Luta Menard UNITE

Vice President of University of Nebraska-Lincoln Intertribal Exchange (UNITE) Luta Menard poses for a portrait outside of Andersen Hall on Saturday, Oct. 12, 2019, in Lincoln, Nebraska.

On Monday, members of the University of Nebraska Inter-Tribal Exchange strolled around campus, handing out flyers and telling the University of Nebraska-Lincoln community why they were celebrating Indigenous Peoples’ Day instead of Columbus Day.

This is just one of the ways UNITE strives to educate students on Native American issues throughout the year. The group also hosts an annual spring powwow on the greenspace by the Nebraska Union and encourages native and non-native students alike to attend their weekly meetings at 5 p.m. on Tuesdays in the Alexander Building. 

Each week, the group meets to play games, eat snacks and talk about their experiences as native people on UNL’s campus. UNITE focuses on being an outlet for Native American students to be themselves and on interacting with their Native American culture and heritage, according to senior journalism major and UNITE social outreach chair Seth Marshall. 

Marshall said he found a second family in UNITE as he searched for a community at UNL after transferring from Southeast Community College in the spring of 2017. 

“My first week at UNL, I was close to dropping out because it was just so intimidating, but as soon as I got with UNITE and with the Jackie Gaughan Multicultural Center, I found my place,” he said. “I found, essentially, a family to be with, and that has had a huge impact on me as a person.”

With only 50 to 60 native students out of more than 25,000 at UNL, Marshall said it can be hard to find others on campus that share his experiences or relate to his everyday struggles as a Native American.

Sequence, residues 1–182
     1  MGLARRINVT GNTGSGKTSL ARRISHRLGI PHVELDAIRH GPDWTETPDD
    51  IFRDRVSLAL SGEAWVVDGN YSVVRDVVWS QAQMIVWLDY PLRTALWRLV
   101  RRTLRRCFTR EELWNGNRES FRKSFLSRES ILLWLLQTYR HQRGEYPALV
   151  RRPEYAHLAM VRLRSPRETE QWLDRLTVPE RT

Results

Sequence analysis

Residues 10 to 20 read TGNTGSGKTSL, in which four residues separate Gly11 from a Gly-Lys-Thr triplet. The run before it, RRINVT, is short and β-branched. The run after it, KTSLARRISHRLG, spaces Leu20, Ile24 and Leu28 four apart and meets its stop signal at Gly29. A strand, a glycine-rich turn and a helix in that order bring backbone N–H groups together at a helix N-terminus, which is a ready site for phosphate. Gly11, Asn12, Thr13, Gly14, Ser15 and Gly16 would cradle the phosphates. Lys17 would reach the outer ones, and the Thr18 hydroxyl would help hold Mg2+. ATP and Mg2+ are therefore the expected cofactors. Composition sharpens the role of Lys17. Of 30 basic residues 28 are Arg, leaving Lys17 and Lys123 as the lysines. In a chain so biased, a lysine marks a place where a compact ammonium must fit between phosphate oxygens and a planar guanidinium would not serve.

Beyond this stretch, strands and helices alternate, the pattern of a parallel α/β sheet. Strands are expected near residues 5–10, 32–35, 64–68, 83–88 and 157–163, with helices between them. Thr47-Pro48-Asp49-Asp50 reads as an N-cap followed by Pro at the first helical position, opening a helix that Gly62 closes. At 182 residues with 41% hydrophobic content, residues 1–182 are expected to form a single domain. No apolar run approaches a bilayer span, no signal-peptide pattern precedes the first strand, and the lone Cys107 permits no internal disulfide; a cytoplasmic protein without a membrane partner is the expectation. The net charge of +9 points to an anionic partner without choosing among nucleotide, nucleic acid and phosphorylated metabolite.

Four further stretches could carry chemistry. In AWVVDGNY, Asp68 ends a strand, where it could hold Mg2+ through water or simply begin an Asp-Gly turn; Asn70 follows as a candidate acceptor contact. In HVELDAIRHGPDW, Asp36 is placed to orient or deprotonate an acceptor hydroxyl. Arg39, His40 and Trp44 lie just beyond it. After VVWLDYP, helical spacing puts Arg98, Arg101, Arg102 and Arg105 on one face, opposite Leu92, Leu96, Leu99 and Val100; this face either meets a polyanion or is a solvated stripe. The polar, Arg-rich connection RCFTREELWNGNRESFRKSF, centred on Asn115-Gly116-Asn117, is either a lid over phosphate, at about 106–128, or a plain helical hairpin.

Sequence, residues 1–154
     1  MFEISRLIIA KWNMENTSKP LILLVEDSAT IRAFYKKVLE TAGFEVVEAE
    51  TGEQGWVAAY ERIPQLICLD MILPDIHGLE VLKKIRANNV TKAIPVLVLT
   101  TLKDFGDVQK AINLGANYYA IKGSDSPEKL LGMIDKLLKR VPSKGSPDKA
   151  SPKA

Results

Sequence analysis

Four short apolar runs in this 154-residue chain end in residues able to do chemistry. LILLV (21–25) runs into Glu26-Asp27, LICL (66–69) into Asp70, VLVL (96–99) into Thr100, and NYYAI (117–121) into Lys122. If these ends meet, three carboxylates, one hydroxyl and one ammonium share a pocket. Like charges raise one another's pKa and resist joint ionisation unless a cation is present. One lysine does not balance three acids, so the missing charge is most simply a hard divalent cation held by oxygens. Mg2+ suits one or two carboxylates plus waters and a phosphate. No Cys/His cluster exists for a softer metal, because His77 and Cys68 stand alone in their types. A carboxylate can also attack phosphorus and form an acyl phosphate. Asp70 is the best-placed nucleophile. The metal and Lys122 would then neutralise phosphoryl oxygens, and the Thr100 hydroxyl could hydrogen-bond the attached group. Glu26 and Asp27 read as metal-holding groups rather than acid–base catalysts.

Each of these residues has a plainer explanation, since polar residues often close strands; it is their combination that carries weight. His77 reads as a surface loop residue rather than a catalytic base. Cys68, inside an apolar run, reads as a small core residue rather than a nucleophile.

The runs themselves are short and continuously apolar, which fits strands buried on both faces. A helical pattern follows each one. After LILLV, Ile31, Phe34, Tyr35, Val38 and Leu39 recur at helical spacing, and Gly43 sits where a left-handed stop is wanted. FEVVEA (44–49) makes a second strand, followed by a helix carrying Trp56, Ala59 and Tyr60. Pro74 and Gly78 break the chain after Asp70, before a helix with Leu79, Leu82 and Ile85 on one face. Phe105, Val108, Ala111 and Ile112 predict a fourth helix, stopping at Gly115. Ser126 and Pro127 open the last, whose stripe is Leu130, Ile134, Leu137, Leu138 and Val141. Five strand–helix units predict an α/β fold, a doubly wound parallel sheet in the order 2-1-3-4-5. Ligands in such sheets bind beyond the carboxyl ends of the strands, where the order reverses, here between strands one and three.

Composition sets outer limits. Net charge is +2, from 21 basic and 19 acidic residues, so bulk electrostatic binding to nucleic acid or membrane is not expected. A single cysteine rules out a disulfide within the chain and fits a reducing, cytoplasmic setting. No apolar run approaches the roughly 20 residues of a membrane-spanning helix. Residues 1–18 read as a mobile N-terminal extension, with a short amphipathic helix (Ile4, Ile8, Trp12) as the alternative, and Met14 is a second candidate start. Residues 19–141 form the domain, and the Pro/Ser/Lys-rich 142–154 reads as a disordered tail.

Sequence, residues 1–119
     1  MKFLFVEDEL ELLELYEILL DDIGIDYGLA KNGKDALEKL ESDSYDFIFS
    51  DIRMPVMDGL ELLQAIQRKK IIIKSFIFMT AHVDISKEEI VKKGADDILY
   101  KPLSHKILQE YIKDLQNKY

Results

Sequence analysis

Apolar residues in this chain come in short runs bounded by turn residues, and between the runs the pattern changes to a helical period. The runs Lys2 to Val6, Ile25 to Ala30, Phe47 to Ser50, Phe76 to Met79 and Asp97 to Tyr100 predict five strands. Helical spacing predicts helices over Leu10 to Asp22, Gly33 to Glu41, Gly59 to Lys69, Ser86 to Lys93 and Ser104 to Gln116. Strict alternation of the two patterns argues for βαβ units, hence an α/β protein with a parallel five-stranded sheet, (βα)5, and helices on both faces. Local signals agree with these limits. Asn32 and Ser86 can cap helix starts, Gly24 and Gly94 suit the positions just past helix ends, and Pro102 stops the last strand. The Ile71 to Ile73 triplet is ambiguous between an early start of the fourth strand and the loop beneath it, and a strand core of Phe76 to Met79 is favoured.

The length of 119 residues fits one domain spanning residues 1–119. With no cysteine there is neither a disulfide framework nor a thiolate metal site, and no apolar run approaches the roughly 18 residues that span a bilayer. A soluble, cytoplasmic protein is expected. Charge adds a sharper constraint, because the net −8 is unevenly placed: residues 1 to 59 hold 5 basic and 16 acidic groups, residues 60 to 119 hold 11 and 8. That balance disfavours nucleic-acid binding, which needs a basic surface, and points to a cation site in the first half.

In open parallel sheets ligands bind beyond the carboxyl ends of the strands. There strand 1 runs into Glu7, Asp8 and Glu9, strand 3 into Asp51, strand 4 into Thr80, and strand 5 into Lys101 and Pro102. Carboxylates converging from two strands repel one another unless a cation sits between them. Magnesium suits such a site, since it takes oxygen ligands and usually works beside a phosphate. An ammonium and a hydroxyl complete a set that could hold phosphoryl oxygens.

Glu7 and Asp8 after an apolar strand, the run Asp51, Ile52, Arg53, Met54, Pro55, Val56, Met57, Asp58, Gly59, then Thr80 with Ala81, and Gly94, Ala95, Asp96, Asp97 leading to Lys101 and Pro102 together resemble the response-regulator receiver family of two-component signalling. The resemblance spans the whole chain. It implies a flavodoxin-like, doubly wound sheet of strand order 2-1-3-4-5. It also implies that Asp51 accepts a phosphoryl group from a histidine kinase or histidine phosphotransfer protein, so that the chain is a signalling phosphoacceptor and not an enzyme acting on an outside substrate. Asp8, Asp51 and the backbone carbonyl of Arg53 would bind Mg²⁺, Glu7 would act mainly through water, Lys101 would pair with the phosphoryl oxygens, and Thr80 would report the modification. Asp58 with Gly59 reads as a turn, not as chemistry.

“[These organizations] make you feel like you belong on campus,” he said. “It's a very needed experience. I know a lot of people who are from small reservations, and when they came to UNL, they were immediately intimidated by it. There are not a lot of brown faces on campus, and that is a tough situation.” 

Along with giving native students a place to call home, Marshall said UNITE members want to share their culture with the rest of the UNL community so it can be better understood.  

Luta Menard, the vice president of UNITE and a sophomore ethnic studies major, is also the president of the Education and Awareness Committee within UNITE. The committee’s goal is to make non-native UNL students more aware of the Native American culture, according to Menard. Both the Education and Awareness Committee and the Campus Outreach Committee work to make UNL students more informed. 

Menard said she believes some of the ignorance on UNL’s campus comes from a lack of information and awareness rather than from blatant rudeness. 

“It is a really small percentage of the university, and then even a smaller percentage of the graduates at UNL, who are Native American,” she said. “So I think it's really hard to find information unless you're seeking it out or we come to you with it.”

Menard said she hopes UNL students make an effort to understand the Native American culture that surrounds them. Lincoln is built on land that formerly belonged to several Great Plains tribes, so the history of those tribes is very relevant to native and non-native people that live in Lincoln, according to Menard. 

UNITE is not just for Native American students but also for any student wanting to learn and better understand Native American culture, Menard said. 

Even though UNL’s Native American population is small, it is diverse, according to Menard and Marshall. Every native student’s experience is unique, they said, so asking individuals questions and hearing their experiences can be more beneficial than making broad generalizations about native people. 

“We are such a small population that everyone thinks we're the expert about everything [regarding Native Americans],” Menard said. “Just acknowledging that everyone has a very diverse background, and that [background] might not be the same as another Native American, is very important.”